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The criminal offense of robbery generally involves the taking of property from another person, in the presence of the other person, by violence, intimidation, or threat of imminent bodily injury or death, and with the intent to permanently deprive the owner of the property. And in some states the crime of robbery can become the more serious crime of aggravated robbery (with increased potential punishments) if the person exhibits a deadly weapon such as a gun or knife, or causes great bodily injury or death, for example.

Robbery is a felony offense punishable by significant jail or prison time. Laws regarding robbery offenses are generally located in a state’s statutes—often in the penal or criminal code.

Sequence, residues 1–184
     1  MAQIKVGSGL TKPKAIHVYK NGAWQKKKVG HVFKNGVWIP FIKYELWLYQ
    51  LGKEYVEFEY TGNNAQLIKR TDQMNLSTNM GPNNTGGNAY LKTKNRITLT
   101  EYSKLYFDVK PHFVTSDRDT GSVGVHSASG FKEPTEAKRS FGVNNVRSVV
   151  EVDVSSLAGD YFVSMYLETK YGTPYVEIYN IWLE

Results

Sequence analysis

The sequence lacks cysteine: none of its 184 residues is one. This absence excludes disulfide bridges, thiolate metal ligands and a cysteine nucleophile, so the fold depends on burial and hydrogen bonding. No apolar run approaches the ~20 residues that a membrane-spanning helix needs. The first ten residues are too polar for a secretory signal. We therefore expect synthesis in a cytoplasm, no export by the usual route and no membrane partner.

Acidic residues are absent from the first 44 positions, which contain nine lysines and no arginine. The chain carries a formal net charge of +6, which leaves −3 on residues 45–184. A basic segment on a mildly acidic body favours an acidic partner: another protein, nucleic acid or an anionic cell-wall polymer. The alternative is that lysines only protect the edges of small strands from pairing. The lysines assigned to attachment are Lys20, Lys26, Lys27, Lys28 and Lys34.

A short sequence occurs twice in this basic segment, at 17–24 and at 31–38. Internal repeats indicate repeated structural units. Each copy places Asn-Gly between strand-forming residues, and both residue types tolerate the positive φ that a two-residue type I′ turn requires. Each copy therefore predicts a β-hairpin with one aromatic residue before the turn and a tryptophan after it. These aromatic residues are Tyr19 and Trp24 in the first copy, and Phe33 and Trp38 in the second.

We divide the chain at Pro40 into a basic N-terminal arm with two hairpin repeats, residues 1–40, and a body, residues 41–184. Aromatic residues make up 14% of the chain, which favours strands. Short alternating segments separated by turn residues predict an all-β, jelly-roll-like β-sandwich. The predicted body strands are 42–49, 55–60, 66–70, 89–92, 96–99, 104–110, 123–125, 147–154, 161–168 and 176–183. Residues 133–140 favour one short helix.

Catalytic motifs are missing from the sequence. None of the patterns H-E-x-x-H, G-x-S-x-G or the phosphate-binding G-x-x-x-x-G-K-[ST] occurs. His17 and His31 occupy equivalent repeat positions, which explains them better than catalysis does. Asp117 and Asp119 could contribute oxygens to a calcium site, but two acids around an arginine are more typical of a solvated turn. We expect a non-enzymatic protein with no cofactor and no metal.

In Texas, robbery is defined under the Texas Penal Code Section 29.02. It is considered a second-degree felony and involves intentionally, knowingly, or recklessly causing bodily injury to another person, or intentionally or knowingly threatening or placing another person in fear of imminent bodily injury or death while committing theft. The crime escalates to aggravated robbery, as per Section 29.03 of the Penal Code, if the individual uses or exhibits a deadly weapon, causes serious bodily injury to another, or commits the offense against a person who is disabled or who is 65 years of age or older. Aggravated robbery is a first-degree felony in Texas. Both offenses carry severe penalties, with robbery punishable by 2 to 20 years in prison and a fine of up to $10,000, and aggravated robbery punishable by 5 to 99 years or life in prison and a fine of up to $10,000.

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